Parkinson: the GST must go up

Andrew Bolt April 02 2014 (7:45pm)

Happy to raise the GST - provided less efficient taxes go. But let’s not tackle wild spending just with big tax takes:

Treasury boss Martin Parkinson says the goods and services tax will have to be boosted or broadened if the budget is to have any hope of returning to surplus.
Addressing the Sydney Institute on Wednesday, Dr Parkinson detailed a bleak budget outlook in which there would be no return to surplus in a decade, even if “bracket creep” through wage inflation was allowed to push up the average tax rate on full-time workers from 23 to 28 per cent.
Sustaining such an increase was “unlikely to be politically feasible”, he said.
It was also “hardly likely to be economically desirable” as it would turn Australians away from work…
Dr Parkinson said after years in which Australia’s real income per head had grown by 2.3 per cent a year, it was now set to scarcely grow at all for a decade.
That meant that by 2024, real income per head would be $69,000, much less than the $82,000 per head Australians would have come to expect…
“What is less well understood is that total Commonwealth expenditure on health is anticipated to rise from $64.7 billion in nominal terms to $116 billion in 2023-24.”
“Similarly, our three main pension payments – the aged pension, disability support pension and carers’ payment – grow at an annual rate of 6 per cent per annum in nominal terms over the forward estimates, adding around $13 billion to annual payments by 2016-17, and another $39 billion by 2023-24.”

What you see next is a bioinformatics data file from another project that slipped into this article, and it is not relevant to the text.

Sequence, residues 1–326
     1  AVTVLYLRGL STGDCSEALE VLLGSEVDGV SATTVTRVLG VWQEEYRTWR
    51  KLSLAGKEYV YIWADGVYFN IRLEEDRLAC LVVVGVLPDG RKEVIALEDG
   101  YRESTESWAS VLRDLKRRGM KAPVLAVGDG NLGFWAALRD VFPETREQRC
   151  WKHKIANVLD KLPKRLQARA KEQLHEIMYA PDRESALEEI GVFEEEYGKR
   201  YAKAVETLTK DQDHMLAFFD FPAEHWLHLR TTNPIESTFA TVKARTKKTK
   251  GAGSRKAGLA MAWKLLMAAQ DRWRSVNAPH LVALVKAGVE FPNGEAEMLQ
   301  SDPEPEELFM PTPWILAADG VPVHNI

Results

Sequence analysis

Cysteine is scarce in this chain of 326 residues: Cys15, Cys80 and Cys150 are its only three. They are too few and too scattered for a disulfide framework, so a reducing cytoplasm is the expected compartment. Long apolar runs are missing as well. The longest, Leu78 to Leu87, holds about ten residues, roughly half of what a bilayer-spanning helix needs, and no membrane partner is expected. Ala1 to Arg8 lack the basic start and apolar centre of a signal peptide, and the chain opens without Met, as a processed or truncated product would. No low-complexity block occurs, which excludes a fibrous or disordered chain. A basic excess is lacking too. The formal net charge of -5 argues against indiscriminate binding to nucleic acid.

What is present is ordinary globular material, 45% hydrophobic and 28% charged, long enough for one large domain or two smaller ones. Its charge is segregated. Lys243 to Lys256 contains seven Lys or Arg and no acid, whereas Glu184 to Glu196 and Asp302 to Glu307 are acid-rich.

False. I’d defend Israel even if every one of its leaders were like Michael Gawenda

Andrew Bolt April 02 2014 (5:19pm)

An open response to Michael Gawenda, and any Jewish paper is free to reproduce it.
Your column today is a grotesque misrepresentation of me and of my argument with Jewish leaders supporting the Racial Discrimination Act.

To claim I simply presented an IOU to the Jewish community in return for services rendered – services I could now withdraw in a pique – is not only untrue but vicious.

May I suggest your cartoonish antipathy towards me has made you write something unfair?

You overlooked – or deliberately omitted – the central point of my argument and one I’ve made several times, finally prompting Mark Leibler to address the matter this year in an open letter for which I am deeply grateful.

I was accused in court by a Jewish barrister before a Jewish judge of sharing the thinking of the Nazis in drawing up the Nuremberg race laws, which, the barrister didn’t need to add yet did, led to the Holocaust.

This was not simply manifestly untrue and, in the circumstances, highly inflammatory. It was an insult so vile that I am enraged again simply to repeat it to you.

What so deeply disappointed me is that half a dozen Jewish leaders I knew - and who knew what I’d done for the community and therefore knew the slur to be false - privately assured me variously that Merkel’s comments were a disgrace, the law had been misapplied or the law was too broad in scope, if this case was the consequence.